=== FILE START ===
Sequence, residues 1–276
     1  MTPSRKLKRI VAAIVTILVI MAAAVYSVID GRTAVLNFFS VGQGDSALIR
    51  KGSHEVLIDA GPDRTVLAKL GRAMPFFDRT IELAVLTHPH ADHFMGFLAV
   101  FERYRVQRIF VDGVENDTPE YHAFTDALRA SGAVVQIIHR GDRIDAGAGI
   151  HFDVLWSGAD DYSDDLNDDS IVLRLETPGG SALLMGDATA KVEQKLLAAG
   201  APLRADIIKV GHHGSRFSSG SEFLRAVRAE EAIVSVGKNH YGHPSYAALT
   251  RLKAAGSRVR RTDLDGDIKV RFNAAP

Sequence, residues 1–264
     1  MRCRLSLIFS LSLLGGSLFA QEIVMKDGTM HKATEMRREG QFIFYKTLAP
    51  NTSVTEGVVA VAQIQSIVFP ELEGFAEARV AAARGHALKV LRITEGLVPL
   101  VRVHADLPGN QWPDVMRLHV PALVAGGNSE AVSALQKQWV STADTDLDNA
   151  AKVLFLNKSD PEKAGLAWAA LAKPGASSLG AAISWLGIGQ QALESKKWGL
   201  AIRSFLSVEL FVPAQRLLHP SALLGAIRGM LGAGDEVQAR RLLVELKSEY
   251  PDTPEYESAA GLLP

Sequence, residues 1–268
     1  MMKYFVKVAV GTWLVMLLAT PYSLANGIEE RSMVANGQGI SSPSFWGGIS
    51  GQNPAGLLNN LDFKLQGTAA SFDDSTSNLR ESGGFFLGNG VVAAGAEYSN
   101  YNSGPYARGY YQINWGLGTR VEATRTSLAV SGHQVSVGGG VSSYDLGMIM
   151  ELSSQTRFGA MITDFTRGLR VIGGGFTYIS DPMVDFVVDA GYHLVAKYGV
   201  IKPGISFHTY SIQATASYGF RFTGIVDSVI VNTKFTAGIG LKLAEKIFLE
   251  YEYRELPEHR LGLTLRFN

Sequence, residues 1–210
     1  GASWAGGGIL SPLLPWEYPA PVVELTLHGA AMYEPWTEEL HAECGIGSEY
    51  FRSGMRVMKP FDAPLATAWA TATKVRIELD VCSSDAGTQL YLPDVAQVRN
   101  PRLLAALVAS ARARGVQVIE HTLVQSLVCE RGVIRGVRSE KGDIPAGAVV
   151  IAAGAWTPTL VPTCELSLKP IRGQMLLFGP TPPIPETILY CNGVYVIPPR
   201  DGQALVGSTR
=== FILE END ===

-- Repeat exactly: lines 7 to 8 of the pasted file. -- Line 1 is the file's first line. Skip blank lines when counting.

   251  RLKAAGSRVR RTDLDGDIKV RFNAAP

Sequence, residues 1–264